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What Is The Future of Media and Communication?

March 17 2008 / by Venessa Posavec / In association with Future
Category: Culture   Year: Beyond   Rating: 5

How is the digital revolution shaping the way we interact with media? Below is a cool concept video exploring how the internet has already changed the way we consume and share information. It then presents a timeline into the next 40 years, giving us a vision of how content may be consumed in the future.

Traditional information sources like books, newspapers, and even your own experiences may be fully replaced by new interfaces, like electronic paper, simulated reality through virtual worlds, and memory sharing among the masses.

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A Penny for Your Thoughts

September 23 2008 / by juldrich / In association with Future
Category: Communication   Year: General   Rating: 3

Jack Uldrich

Cross-posted from

ThoughthelmetLast week, a colleague of mine at Future Blogger, Alvis Brigis, suggested that the coming reign of online video broadcasting as the "most ubiquitous and accessible form of communication" may be short-lived. In its stead, he suggested that brain-computer interfaces (BCIs) may replaced it.

To many people the idea of brain-to-computer or even brain-to-brain communication might seem a little "out there." I disagree and think that Alvis is on the right track. As evidence, I submit this recent article on the U.S. Army’s plans to invest in a "Thought Helmut" for voiceless communication. And lest anyone think that voiceless communication is some far-off, fuzzy, futuristic technology just check out this amazing video demonstrating an early prototype of this technology.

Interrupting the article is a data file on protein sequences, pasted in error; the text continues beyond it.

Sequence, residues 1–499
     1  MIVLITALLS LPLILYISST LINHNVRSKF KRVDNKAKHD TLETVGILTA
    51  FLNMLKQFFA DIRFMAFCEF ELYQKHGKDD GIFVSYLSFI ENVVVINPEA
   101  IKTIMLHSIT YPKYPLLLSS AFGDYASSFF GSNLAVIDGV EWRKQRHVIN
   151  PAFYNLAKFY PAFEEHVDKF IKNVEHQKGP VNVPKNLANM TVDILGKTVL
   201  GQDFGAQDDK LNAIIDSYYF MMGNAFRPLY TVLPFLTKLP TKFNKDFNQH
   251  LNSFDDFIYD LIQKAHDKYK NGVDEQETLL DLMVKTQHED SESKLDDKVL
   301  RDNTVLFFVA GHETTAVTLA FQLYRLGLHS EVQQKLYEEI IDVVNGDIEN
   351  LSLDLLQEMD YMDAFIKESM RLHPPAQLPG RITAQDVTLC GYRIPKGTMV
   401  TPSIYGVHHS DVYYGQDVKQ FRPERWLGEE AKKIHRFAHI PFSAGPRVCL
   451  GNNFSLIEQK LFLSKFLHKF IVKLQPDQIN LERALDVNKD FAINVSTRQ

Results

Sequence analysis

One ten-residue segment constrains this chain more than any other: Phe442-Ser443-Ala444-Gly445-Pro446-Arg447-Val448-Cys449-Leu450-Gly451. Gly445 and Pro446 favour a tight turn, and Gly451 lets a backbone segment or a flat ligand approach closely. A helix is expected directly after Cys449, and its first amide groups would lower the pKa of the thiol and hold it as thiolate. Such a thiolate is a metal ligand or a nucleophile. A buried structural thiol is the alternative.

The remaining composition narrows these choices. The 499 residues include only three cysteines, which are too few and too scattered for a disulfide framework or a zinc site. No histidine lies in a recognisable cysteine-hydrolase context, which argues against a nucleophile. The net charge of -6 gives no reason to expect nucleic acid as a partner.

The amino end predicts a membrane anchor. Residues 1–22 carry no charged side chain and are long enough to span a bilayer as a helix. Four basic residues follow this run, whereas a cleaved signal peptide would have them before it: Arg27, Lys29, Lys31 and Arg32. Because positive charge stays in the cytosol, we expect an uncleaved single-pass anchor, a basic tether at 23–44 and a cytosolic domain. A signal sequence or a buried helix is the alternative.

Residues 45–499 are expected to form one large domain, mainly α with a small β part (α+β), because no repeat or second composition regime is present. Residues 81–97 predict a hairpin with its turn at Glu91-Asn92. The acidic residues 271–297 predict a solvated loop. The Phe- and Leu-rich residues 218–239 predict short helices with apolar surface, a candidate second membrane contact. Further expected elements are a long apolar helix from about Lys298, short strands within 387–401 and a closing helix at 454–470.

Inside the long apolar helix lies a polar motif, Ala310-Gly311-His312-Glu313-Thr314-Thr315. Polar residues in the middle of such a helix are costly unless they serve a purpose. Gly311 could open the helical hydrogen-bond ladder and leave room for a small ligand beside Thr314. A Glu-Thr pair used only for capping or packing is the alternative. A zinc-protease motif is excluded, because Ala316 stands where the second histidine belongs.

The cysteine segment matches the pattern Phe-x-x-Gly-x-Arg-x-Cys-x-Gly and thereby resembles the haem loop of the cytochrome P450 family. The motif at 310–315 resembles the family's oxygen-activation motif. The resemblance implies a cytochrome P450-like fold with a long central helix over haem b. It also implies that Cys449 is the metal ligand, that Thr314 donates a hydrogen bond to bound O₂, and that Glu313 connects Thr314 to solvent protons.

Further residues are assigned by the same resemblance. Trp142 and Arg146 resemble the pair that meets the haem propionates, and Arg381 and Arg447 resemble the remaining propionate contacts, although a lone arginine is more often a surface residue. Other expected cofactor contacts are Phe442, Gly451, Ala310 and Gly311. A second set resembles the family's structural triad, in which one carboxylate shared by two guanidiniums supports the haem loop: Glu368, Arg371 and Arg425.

Until I can read your thoughts directly, I’d be interested in reading your reactions to this possibility and how you think it may necessitate that we unlearn some things—such as, perhaps, how we communicate in the future.

Intelligence Rising: Climbing the Stairs of Abstraction

January 06 2009 / by Alvis Brigis / In association with Future
Category: Technology   Year: Beyond   Rating: 3 Hot

A variety of thinkers have converged on the notion that humans rely on what is essentially "software" to build our simulation(s) of the world around us. 

Abstractions Driving the Flynn Effect: Cognitive historian James Flynn attributes the steady rise in IQ over the past 100+ years (known as the Flynn Effect) to better human abstraction abilities, not to any significant increase in physical brain power: glowing_brain_290.jpg

Our brains at conception are no better than they ever were. But in response to the evolving demands of society, we can attack a far wider range of problems than our ancestors could. It is like the evolution of the motor car in the 20th century. Are automotive engineers any brighter than they were 100 years ago? – no. But have cars evolved to meet modern demands for more speed and entertainment while we drive (radios, tape decks, etc) – yes. Our brains are no better but our minds have altered as dramatically as our cars.

Flynn's observations line up nicely with both the concept of memes & temes advanced by Dawkins and Blackmore, as well as philosopher Terence McKenna's theory that culture is in fact an operating system.

In other words, the abstract thought frameworks that we drill into our children during critical periods, including math, science, biology, maps, businesses, social networks, new language, etc, are in fact a form of software that affects our IQ and ability to navigate the world.

This simple yet powerful abstraction (npi) is a critical paradigm shift in our definition of what it means to be human and opens the door to additional metaphors for social, economic and intelligence studies. 

Particularly intriguing is the question of how quickly and/or regularly we (individuals, groups, societies, nations) experience software upgrades, akin to loading the latest Windows or Linux versions.